International security strategists have warned Islamic State poses a bigger threat now than it did during the height of the so-called caliphate.
The group’s transition from governing territory across Syria and Iraq to a global insurgency group means Australia will be at increased risk from “home-grown individuals”, a Australian Strategic Policy Institute report said.
“Despite having no territory and having lost many of their leaders, both al-Qaeda and ISIL [another term for IS] continue to pose a threat to the maintenance of international peace and security,” it said.
“In fact, one could argue that they pose more of a threat today as the structure of the groups has moved from integrated to fragmented, making command and control more tenuous.”
The Islamic State Caliphate collapsed in March after Kurdish-led forces seized Baghouz, the last Syrian stronghold held by the group.
In April the group released a video of its leader, Abu Bakr al-Baghdadi, conceding it had lost the caliphate but it would fight “a battle of attrition” – a military strategy where you wear down your opponents.
Research fellow in the West Asia Program at the Lowy Institute Lydia Khalil said we should expect more terrorist acts in the group’s name.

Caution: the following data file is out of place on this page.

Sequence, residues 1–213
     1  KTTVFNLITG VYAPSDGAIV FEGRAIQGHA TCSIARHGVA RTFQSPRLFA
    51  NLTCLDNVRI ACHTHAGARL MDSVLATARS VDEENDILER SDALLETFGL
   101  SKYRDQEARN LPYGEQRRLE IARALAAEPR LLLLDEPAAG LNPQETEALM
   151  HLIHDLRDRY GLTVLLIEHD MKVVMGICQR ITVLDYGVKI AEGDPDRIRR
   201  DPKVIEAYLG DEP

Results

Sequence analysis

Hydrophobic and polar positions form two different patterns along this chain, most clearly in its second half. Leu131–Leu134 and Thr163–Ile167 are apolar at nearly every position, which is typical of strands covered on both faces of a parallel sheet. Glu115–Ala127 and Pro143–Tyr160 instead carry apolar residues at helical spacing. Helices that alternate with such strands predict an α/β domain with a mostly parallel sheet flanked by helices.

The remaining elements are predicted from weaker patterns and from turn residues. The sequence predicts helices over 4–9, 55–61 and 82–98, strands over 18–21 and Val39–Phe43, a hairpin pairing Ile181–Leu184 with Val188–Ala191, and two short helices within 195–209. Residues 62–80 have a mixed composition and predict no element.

“They were trying to be like a state, so a lot of resources and attention were focused on that,” Ms Khalil told The New Daily.
“Now they are directing their attention to be more global, bolstering their relevance by conducting terrorist attacks like the one we saw in Sri Lanka and pursuing more affiliate networks. They’ve announced they have a new affiliate in the Congo.
“They’re trying to spread and gain relevance. We should expect more global terrorist attacks in their name.”
Not only are the group still trying to recruit members from western countries and expand their affiliate organisations, but they’re also well equipped, Ms Khalil said.
“The group still has a significant number of resources. The number of weapons and currency they have access to, they still have quite a large budget for a terrorist organisation,” she said.
“They’re established and they’ve adjusted.”
ASPI’s national security program director Isaac Kfir said the group is playing a long game to rebuild its caliphate.
“They’re creating provinces. There’s one in East Asia, one in West Africa, and I suspect once they have enough of these provinces they’ll try to create a very different caliphate … [and] slowly link it,” he said.
While the group has shifted its primary focus away from western targets, it is still using social media to identify at-risk individuals who may be open to the radicalisation process.
“They’ve become a lot more tech-savvy. They use things like Signal and Telegram, then they’re able to have secure communications,” he said.
“Radicalisation takes place in a chatroom. It will be managed by an ISIL person, whether he is a supporter or directly involved, he will oversee the group and make sure everyone is contributing.
“Then it really kicks in. Whether it’s to buy drones or guns, there was a case in the UK where a student attempted to buy a pistol on the dark web.”